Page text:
Forward leasing data reveals that the fundamentals in the leasing sector are better than headlines suggest, opines the president of one of the world's largest leasing companies.
“I am not going to be the guy that is saying that the leasing market is booming, but those who are saying the market is in decline are wrong,” said Philip Scruggs, president and chief commercial officer of AerCap in an interview with Airfinance Journal. “Aircraft leasing continues to grow and demand for our product remains robust.”
To get an idea about how well the market is performing, AerCap looks at how far in advance aircraft are being leased. The way to track that is by looking at how many aircraft will need to be leased for the remainder of the year, and for the next year, at the same point annually.
“Last year we had a solid performance, and we are in a better position than last year, and that is surprising because that is not what people are talking about in our industry,” says Scruggs.
According to AerCap’s data from the last week of September, the lessor had 39 aircraft with leases that are expiring in 2017, as opposed to last year when it registered 61 units. The good news follows through for 2018 - last year the lessor had 150 aircraft expiring but now it has 133 units.
“That is nothing for a platform where we lease 300 aircraft per year. To have just 39 aircraft that are coming off lease, we are feeling pretty good. Remember back in 2012, we had the bankruptcies of Malev and World Airways, so we had 40 airplanes sitting on the tarmac.
“To have 39 expiries for the whole year, I am feeling bullish about the market.”
Scruggs adds that the numbers are “out of date" as AerCap has leased three more 737-800s In the last week.
737-800 bow wave
The lessor has no 737-800s available until the second half of next year – another move that he is “surprised by" due to the increased availability of the narrowbody units in early 2016.
He points to recent meetings with two carriers, “which are operating in weaker parts of the market but are beginning to experience growth again and need additional 737-800s”; however, he had to turn their business away as there is no available 737-800 feedstock from AerCap.
AerCap, like GECAS, is experiencing what Scruggs calls the first “bow wave” of 737-800s, as the lessors’ 2001-03 orderbooks start to redeliver.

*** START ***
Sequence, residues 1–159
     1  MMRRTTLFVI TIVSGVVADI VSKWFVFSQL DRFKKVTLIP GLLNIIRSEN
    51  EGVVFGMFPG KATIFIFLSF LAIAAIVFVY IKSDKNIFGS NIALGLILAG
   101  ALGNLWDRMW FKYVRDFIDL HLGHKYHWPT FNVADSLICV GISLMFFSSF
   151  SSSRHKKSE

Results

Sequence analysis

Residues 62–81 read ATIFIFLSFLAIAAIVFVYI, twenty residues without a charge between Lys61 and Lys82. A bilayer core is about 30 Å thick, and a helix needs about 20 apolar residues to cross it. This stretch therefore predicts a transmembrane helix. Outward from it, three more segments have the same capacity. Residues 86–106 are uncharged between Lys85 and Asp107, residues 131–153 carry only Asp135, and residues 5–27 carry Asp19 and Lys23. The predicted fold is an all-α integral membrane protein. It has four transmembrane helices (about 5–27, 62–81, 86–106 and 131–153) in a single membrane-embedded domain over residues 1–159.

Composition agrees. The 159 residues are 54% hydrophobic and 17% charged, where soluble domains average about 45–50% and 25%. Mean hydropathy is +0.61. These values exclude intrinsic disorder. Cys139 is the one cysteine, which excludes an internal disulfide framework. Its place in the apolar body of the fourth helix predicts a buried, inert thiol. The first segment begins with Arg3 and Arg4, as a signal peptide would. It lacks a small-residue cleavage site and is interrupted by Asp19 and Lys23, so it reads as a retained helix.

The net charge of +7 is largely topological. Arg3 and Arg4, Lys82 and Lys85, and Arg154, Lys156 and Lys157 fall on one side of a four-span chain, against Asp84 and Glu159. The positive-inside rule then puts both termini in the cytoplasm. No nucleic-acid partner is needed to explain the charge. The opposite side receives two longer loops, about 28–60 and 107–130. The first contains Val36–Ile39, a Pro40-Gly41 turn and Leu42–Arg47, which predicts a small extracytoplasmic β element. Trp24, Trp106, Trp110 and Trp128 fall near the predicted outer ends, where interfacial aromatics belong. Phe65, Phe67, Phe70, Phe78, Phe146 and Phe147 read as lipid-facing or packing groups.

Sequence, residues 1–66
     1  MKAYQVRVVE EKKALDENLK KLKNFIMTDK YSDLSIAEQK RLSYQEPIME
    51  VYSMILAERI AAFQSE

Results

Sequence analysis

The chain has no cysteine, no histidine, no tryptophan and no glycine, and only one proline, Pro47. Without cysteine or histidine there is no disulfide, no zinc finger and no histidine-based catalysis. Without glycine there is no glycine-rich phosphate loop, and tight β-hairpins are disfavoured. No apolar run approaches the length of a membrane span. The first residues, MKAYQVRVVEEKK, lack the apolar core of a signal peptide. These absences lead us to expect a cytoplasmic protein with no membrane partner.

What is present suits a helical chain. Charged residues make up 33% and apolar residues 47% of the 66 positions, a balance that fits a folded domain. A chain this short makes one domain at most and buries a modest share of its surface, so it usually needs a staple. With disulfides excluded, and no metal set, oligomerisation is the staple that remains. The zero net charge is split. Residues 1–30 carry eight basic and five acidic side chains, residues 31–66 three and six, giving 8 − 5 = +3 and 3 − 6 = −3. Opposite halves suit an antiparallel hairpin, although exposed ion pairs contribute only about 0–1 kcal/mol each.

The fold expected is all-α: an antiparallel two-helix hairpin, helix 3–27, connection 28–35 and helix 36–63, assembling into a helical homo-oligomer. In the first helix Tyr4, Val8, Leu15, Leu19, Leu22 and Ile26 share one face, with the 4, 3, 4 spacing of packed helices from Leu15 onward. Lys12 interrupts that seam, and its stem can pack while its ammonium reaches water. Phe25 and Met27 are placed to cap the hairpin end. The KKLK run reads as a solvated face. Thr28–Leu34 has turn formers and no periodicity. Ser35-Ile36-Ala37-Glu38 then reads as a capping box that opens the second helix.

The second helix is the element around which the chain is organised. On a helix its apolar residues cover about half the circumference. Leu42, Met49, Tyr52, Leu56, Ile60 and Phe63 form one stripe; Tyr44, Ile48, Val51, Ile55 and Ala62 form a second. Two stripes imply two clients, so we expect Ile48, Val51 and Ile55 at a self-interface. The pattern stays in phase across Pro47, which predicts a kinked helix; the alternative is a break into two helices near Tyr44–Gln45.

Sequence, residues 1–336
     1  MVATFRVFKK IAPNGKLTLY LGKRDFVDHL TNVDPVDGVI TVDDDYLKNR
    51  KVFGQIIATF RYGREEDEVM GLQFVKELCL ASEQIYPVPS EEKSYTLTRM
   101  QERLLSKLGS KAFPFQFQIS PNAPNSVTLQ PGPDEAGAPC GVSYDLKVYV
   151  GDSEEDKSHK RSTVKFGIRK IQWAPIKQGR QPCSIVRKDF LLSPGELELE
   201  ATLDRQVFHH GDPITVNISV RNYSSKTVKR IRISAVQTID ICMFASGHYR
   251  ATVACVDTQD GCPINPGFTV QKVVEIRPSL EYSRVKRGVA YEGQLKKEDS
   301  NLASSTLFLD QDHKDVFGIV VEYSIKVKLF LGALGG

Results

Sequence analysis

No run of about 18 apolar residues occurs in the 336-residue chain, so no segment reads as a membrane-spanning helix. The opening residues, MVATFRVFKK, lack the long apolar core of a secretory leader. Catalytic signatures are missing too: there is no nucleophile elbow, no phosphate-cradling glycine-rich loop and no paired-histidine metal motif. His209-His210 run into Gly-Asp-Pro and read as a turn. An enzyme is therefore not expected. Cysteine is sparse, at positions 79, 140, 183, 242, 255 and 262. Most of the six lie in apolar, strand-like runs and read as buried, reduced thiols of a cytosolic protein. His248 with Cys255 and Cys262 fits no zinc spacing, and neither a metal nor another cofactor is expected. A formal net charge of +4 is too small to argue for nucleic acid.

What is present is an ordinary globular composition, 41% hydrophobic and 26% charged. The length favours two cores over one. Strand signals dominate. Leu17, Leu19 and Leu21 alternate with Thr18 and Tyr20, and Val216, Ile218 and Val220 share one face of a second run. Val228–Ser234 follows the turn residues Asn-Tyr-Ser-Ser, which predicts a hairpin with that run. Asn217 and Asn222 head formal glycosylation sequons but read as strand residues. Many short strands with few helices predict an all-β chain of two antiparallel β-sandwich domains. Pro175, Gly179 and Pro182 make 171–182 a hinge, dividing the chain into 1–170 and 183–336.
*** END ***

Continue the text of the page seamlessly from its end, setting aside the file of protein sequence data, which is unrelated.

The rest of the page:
“We had never experienced so many 15-year-old 737-800s coming onto the market, as production started in 1998. It was the first big wave of 15-year-old aircraft from the legacy ILFC orderbook and also the GECAS orderbook."
While the lessor’s outlook might sound too upbeat for industry observers who are noting an increase in aircraft pop-ups, Scruggs notes his view is not necessarily inconsistent with those observations.
“I am looking strictly at the used aircraft market and I do think the OEM's backlog at Boeing and Airbus is weaker than they think,” he says, adding: “What I can say is that, based on our numbers for used aircraft, there is still underlying demand from many airlines and they need aircraft to meet that demand.”
He adds: “It is not surprising to me that there are pop ups, who really believes all the orders from likes of Lion Air and Vietjet will be delivered. Those orders aren’t reflective of their vision of what is happening imminently."
This year AerCap will sell approximately $2 billion in assets. It is also actively buying back its own stock because it is trading at 90% of book value.
“We are looking at shareholder interest, and we are looking at what we should we do with excess capital, and when we see our stock trading at a discount to book, we believe that represents an attractive opportunity.
“We sell airplanes above book values and then we buy back our own airplanes at 90% of book value. It is a good trade, right?”
AerCap announced a $250 million buyback in the second quarter that will run through 31 December 2016. The repurchase is the lessor’s third announced this year.
It follows a $250 million buyback announced on 31 May, which runs through 30 September 2016, and a $400 million buyback announced on 23 February, which has already been completed.
As the second largest lessor by fleet size, but the largest by dollar value, Scruggs says he is unfazed by the fact that the third largest lessor could be potentially controlled by Asian money, following the rumoured sale of CIT Aerospace to Bohai Leasing.
“I don’t expect that they will have any competitive advantage over anyone else. Those guys all need to go offshore to raise US dollar debt, so people that are more likely to have a funding advantage are the Japanese.”
He admits there is still heavy competition in the sale and leaseback market, particularly from the Chinese and Japanese, but notes an uptick in volume coming through.
The long-term upward trend in traffic, he says, underlines the resilience of the industry performance despite "fear talks" such as Brexit and the debt crisis in China. He points to the IATA report with world air traffic expected to grow by 6.2% in 2016, with 3.8 billion passengers, up from 3.6 billion in 2015.